toptone: Detection and AGC in a 5 tube AC/DC radio
I have measurement results for Detection and AGC performance in a late production Japanese AA5 radio model SM100 by Topline.
The tube lineup is the classic 12BE6 pentagrid converter, 12BA6 IF pentode, 12AV6 dual detector diode and audio preamp triode, the 50C5 beam tetrode and the 35W4 power rectifier. The only noteworthy variation from the cannonical design, is that the 12BA6 IF pentode was loaded with a single tank circuit, rather than the usual 1:1 455kHz loosely coupled transformer.
I included measurements for AGC behaviour, detector performance, and stage gain for the original radio and several variants with improved detector gain and AGC compression.
In one of the circuit variations, I got the detector gain boosted to over 5, and AGC delay improved compression for signals in my urban home area.
The original AGC action compressed 40dB at the input into a 10.7dB range at the detector output. I added a 3V AGC delay and reduced the output further, to a 6.9dB range. The greatest benefit of the AGC delay was a combination of increased gain for weak signals and a more effective moderation of the strongest signals. The largest gain increase was 12dB.
Detector measurements and improvements with positive feedback:
The detector improvement came as the result of a musing about what whould happen if audio feedback from the voice coil were applied to the cathode of the 12AV6 dual diode & triode.
See pages 5,6,7,9 of AGC-detector-schematics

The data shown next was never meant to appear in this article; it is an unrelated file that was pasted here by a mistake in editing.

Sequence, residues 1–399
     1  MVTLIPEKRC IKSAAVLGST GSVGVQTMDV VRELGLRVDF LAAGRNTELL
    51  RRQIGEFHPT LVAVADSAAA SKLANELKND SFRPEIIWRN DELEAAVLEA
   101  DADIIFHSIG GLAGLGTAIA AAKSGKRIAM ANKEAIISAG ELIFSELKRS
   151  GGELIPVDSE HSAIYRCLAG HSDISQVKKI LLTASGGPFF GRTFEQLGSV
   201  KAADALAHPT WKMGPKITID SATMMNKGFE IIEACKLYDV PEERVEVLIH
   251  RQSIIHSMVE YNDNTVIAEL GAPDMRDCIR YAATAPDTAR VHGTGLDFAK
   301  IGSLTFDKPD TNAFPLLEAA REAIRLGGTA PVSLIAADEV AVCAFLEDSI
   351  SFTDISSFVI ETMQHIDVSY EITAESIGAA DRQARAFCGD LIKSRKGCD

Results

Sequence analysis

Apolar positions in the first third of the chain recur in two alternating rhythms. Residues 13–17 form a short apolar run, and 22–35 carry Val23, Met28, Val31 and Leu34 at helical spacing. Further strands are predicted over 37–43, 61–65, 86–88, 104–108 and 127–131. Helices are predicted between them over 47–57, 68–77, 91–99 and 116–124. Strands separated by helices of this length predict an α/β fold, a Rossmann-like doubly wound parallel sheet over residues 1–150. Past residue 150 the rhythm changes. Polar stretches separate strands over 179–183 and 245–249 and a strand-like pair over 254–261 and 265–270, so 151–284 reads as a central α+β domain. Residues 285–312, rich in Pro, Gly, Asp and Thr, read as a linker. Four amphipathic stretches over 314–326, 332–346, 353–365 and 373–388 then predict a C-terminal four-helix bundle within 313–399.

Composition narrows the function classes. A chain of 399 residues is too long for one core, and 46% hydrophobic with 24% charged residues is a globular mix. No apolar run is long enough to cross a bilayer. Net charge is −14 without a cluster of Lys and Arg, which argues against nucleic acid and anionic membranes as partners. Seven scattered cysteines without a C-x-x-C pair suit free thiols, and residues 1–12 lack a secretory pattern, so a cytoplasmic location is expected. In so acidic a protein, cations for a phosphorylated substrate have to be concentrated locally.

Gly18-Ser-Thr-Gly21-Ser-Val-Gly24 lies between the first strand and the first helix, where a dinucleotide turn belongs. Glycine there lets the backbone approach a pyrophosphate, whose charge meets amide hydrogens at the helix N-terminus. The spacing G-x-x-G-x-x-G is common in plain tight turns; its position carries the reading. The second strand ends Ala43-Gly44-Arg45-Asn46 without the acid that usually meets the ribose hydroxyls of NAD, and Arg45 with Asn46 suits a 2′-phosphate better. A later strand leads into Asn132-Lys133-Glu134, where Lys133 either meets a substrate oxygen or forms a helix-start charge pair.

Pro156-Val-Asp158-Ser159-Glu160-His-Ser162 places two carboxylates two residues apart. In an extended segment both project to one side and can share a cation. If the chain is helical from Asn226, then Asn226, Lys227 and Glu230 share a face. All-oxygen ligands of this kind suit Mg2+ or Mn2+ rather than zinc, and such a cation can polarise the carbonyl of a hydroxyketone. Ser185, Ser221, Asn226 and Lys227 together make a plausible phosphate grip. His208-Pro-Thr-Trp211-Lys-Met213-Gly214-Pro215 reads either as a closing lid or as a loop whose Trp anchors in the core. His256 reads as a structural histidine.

The common cathode shared by the triode and diodes meant that detection would be affected. As it turns out, Negative voltage feedback to the triode cathode works as Positive feedback for the 12AV6 detector diodes sharing the same cathode. This positive feedback is very helpful to sharpen the soft forward characteristic of vaccum tube diodes.
The sharpening of the diode characteristic happens because the audio at the cathode works as a variable diode bias that follows the audio envelope. The total voltage drive presented to the diodes is increased, as a result: IF voltage drives the detector anode and audio drives the detector cathode in opposing directions.
The amount of Positive feedback applied to the detecting diodes is set by the volume control between the detector diodes and the 12AV6 triode grid.
At full volume, which may be needed for the weakest signals, the positive feedback more than doubled detector output. This was observed in the attached measurements, and also resulted in much better audio fidelity for low level audio signals.
As was the original goal, the negative feedback for the triode section also improved audio tone at any volume level. The amount of negative feedback for the triode is fixed because it does not go through the volume control.
While pursuing possible improvements for AGC action, I thought to double detected audio and AGC voltage output by replacing the 100k filter series resistor at the detector output, with a 1N34A diode. This transformed AGC detection from peak envelope detection to peak-to-peak envelope detection, thus doubling detected output for all IF signals driving the detector above about 50mV.
See page 3 of AGC-detector-schematics for the first implementation of p-p detection with the 1N34A.
As expected, very low level signals are more difficult to detect with the two diode drops from the original thermionic diode in series with the 1N34A, than with just one diode drop. But once audio feedback was applied as described above, the low level limitation was eliminated.
Guyla Kiss in Holand has used p-p detection in some of his AM tube radio designs.